Body dumps are seen in El Salvador as a kind of visitors’ must-do, difficult but worth the detour. “Of course you have seen El Playón,” an aide to President Alvaro Magaña said to me one day, and proceeded to discuss the site geologically, as evidence of the country’s geothermal resources. He made no mention of the bodies. I was unsure if he was sounding me out or simply found the geothermal aspect of over-riding interest. One difference between El Playón and Puerta del Diablo is that most bodies at El Playón appear to have been killed somewhere else, and then dumped; at Puerta del Diablo the executions are believed to occur in place, at the top, and the bodies thrown over. Sometimes reporters will speak of wanting to spend the night at Puerta del Diablo, in order to document an actual execution, but at the time I was in Salvador no one had.

The aftermath, the daylight aspect, is well documented. “Nothing fresh today, I hear,” an embassy officer said when I mentioned that I had visited Puerta del Diablo. “Were there any on top?” someone else asked. “There were supposed to have been three on top yesterday.” The point about whether or not there had been any on top was that usually it was necessary to go down to see bodies. The way down is hard. Slabs of stone, slippery with moss, are set into the vertiginous cliff, and it is down this cliff that one begins the descent to the bodies, or what is left of the bodies, pecked and maggoty masses of flesh, bone, hair. On some days there have been helicopters circling, tracking those making the descent. Other days there have been militia at the top, in the clearing where the road seems to run out, but on the morning I was there the only people on top were a man and a woman and three small children, who played in the wet grass while the woman started and stopped a Toyota pickup. She appeared to be learning how to drive. She drove forward and then back toward the edge, apparently following the man’s signals over and over again.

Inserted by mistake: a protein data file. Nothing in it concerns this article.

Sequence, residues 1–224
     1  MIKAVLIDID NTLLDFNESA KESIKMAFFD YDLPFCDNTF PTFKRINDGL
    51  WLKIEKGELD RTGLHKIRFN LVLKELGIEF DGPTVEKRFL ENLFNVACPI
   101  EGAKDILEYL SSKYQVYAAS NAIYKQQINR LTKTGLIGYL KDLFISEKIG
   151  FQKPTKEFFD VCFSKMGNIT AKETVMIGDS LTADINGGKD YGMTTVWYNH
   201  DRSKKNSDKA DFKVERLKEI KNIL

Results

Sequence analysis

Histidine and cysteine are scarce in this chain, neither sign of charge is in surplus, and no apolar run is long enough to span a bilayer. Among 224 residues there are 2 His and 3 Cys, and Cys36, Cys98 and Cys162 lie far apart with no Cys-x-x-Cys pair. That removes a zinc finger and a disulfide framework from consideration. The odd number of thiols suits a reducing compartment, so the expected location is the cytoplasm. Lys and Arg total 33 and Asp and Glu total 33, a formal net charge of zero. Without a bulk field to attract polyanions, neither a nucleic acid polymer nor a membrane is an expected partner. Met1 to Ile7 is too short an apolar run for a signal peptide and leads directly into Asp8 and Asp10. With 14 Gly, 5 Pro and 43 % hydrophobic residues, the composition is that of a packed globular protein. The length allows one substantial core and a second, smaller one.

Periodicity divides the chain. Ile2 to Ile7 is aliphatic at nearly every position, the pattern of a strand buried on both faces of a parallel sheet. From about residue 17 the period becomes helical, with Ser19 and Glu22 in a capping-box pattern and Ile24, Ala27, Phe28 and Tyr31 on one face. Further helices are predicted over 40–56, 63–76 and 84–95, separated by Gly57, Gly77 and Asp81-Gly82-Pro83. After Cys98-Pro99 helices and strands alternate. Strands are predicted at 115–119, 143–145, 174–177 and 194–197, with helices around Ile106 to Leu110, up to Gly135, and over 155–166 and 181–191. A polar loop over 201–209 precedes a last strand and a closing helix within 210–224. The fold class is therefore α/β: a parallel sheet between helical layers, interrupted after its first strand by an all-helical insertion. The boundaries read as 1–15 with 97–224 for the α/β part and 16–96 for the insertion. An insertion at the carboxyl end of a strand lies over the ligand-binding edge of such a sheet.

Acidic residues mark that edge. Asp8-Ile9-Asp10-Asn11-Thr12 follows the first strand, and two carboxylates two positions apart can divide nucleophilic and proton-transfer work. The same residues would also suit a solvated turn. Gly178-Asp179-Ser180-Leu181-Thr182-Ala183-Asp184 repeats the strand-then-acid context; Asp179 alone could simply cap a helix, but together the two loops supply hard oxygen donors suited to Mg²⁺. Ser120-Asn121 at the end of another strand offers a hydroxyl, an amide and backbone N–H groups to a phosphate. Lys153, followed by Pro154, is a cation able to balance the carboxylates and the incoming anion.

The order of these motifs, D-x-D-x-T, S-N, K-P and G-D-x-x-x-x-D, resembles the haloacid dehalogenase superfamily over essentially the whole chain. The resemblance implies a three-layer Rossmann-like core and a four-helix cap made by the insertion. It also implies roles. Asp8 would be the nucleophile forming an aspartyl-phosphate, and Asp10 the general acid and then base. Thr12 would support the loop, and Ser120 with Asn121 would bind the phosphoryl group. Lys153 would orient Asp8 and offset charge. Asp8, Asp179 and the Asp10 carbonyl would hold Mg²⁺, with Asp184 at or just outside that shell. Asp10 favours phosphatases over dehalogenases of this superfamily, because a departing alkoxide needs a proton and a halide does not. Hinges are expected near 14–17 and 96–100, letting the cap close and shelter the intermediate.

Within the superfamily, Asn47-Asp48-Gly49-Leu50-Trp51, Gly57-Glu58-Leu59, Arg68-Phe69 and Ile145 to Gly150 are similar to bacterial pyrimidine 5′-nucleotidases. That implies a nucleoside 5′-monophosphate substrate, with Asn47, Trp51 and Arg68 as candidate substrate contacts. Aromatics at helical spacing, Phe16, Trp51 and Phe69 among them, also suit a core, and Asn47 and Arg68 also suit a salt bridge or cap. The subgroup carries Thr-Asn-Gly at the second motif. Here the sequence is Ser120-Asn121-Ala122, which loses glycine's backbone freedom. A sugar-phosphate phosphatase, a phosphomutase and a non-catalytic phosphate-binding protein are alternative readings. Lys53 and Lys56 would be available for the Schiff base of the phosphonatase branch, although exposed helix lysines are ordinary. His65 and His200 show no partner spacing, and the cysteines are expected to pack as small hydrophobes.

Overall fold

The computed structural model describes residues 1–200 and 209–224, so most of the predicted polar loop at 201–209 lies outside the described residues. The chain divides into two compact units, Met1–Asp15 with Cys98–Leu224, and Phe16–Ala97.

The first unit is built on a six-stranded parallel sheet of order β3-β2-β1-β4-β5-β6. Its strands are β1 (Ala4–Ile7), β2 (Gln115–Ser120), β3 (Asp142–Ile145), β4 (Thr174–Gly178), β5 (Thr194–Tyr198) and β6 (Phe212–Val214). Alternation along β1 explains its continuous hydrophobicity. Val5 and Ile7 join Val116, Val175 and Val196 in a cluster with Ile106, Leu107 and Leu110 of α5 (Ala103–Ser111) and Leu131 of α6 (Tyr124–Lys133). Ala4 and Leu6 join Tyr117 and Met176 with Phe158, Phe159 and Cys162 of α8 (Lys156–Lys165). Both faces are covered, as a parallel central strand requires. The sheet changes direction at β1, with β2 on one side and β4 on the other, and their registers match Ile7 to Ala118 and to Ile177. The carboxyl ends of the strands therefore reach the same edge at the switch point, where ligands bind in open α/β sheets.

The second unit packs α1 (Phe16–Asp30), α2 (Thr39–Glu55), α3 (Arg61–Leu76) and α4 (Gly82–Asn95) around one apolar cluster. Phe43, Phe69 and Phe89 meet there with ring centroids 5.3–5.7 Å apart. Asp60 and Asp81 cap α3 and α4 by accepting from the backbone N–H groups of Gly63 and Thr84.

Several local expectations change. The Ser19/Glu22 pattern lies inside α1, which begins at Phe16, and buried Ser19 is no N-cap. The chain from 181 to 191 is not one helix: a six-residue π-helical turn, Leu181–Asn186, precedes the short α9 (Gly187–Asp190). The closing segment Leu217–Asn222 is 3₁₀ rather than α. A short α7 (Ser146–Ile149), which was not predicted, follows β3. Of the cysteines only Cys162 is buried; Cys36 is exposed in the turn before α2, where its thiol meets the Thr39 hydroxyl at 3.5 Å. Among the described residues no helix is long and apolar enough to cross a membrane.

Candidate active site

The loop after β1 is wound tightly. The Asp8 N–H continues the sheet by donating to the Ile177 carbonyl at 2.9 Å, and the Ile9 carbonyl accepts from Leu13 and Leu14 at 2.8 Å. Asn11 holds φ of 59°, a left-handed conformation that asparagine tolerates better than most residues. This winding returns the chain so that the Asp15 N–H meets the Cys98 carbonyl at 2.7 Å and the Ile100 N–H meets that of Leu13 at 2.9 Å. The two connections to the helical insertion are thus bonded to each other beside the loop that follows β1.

We did not speak, and it was only later, down the mountain and back in the land of the provisionally living, that it occurred to me that there was a definite question about why a man and a woman might choose a well-known body dump for a driving lesson. This was one of a number of occasions, during the two weeks my husband and I spent in El Salvador, on which I came to understand, in a way I had not understood before, the exact mechanism of terror.